The already significant growth in bankruptcy filings continued unabated in August. Overall, bankruptcy filings rose by 17.60 percent compared to the same month in the previous year. There were steep rises across all major chapters. August was the 13th consecutive month with an overall filing increase. With double-digit monthly increases the norm for so long, a new question is posed: Are bankruptcies just rising or it is more accurate to say they are exploding?
Chapter 7 (liquidation) filings rose by a robust 19.1 percent over August 2022. For the second consecutive month, chapter 7s rose by more than chapter 13s (wage-earner repayment plan). Historically, upwards of two-thirds of all bankruptcies are filed under chapter 7, so a large uptick in chapter 7s means that overall filing increases will also accelerate significantly.
Chapter 13 filings continued their upward spiral and increased by 14.3 percent compared to the same month last year. More than a year ago, chapter 13 indicated that filings were rebounding. Chapter 13s started climbing as soon as restrictions on foreclosures were lifted, and more homeowners needed relief to avoid eviction.
Chapter 11s, consisting mainly of businesses in need of financial reorganization or a sale to pay creditors, rose by an alarming 56.4 percent compared to August 2022. Given the sustained high double-digit increases each month, the continued upward spiral may signal economic troubles that will trickle down to consumers who will fuel an on-going acceleration in overall bankruptcy filings.
Small businesses filing under subchapter V spiked by 36.4 percent compared to the same month in the previous year. Both overall chapter 11s and Subchapter Vs have gone up in 11 of the past 12 months – by a lot. The temporary extension of the subchapter V debt limits from $2.7 and $7.5 million expires next June. If it begins to appear that Congress may balk at extending the higher eligibility limits, it will be interesting to see if the number of small businesses seeking the debtor-friendly subchapter V process booms even more as we get closer to the deadline next year.
Economic Trends to Watch
There is increasing attention to consumer debt and delinquencies. Concerns have been mounting for several months, and recent data provide flashing warning signs. Credit card debt has reached pre-pandemic levels (topping one trillion dollars!), and auto loan delinquencies have soared to pre-pandemic levels as well. Even if inflation eases, the run-up in prices on just about everything, plus high interest rates not seen since the turn of the century, put many consumers in a precarious position.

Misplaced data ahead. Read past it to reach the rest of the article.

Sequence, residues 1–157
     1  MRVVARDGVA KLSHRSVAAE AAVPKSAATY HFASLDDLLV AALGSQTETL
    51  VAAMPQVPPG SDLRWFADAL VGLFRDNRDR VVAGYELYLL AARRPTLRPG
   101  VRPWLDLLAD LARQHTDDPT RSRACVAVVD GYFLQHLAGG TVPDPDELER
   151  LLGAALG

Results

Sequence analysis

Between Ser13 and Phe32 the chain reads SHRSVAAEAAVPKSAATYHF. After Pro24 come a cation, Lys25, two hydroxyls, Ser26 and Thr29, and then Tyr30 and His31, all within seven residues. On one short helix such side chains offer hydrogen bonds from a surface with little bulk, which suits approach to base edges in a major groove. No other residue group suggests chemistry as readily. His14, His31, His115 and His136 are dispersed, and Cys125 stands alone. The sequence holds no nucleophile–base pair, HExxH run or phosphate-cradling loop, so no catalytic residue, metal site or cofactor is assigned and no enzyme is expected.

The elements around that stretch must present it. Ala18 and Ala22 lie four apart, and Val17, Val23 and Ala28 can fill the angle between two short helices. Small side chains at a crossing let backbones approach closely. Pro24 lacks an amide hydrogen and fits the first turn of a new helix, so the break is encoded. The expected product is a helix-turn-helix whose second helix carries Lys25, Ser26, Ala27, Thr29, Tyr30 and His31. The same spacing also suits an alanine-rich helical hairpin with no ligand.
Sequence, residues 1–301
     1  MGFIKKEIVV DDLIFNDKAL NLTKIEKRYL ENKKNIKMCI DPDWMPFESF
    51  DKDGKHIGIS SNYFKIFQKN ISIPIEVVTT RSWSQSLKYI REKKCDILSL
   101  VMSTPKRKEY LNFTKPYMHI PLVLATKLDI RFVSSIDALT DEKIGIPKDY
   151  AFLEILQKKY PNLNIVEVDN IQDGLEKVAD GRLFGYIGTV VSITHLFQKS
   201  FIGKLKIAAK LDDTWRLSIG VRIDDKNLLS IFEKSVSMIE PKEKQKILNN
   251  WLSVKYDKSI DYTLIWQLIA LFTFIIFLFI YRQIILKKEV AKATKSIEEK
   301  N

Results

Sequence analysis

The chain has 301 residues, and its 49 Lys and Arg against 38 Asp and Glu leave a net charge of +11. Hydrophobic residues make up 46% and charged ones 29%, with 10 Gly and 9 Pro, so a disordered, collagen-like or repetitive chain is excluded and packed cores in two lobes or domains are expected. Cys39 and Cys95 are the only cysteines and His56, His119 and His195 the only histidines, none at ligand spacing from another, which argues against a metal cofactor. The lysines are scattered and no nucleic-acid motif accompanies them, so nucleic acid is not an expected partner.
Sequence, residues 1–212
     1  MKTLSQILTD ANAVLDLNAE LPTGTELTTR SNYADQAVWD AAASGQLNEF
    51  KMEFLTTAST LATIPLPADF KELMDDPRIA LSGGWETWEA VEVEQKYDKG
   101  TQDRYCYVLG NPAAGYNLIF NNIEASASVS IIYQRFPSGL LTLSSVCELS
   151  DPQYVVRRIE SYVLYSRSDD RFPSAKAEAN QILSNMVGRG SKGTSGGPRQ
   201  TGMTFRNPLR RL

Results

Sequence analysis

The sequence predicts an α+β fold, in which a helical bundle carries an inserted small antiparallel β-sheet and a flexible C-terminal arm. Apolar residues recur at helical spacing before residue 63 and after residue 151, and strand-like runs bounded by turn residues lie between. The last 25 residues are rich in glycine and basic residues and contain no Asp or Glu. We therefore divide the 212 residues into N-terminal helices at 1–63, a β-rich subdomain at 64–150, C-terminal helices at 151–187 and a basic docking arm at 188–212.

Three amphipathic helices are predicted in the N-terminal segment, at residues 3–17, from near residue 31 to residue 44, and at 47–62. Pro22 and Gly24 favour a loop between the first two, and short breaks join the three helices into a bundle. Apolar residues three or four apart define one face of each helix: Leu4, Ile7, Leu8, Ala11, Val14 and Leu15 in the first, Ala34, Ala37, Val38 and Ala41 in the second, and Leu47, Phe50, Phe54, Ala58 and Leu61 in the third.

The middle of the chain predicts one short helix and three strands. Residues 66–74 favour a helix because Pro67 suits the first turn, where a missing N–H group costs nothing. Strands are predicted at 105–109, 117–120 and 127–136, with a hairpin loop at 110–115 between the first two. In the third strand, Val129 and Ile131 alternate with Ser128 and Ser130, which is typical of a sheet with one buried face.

A few newspaper headlines may sum it all up: "Delinquencies Rise for Credit Cards and Auto Loans, and It Could Get Worse” (Washington Post, 8/30/23); "Car Prices Might Be Unsustainable for Buyers” (Wall Street Journal, 8/21/23); and "Why the Era of Historically Low Interest Rates Could Be Over” (Wall Street Journal, 8/20/23).
As noted here previously, the heavy burden of student loan debt will become more apparent this fall as the repayment hiatus ends. Research now shows that student loan borrowers ran up other debts during the pandemic that they may not be able to afford once they start sending in their regular payments on student loans. After being rebuffed by Congress and the Supreme Court on earlier efforts to extinguish more than $400 million in student loans, the Biden Administration is now pursuing another avenue by adjusting repayment terms that it says will cut student debt for 3.4 million borrowers.
A Final Thought
I was pleased to speak at the National Association of Bankruptcy Trustees annual convention held last month. Getting back together with the case trustees, who are appointed and overseen by my former office in the Justice Department, reminded me how important they are to the bankruptcy system. Debtors and creditors alike should appreciate the trustees’ diligence and hard work in applying complex bankruptcy requirements in a way that protects debtor rights and maximizes returns to creditors.
Even though general economic news is mixed, interest rates and the cost-of-living remain high and consumers are feeling the pinch. Creditors who handle credit card and auto loans should expect more customers to seek bankruptcy relief. Although we probably are not facing 2010 meltdown conditions, it seems certain that creditors increasingly will need to deal with more customers in financial distress and afford those customers the many protections that state and federal law require. That will add costs and compliance risks.
Commentary provided by Clifford J. White, Managing Director – Bankruptcy Compliance for AIS.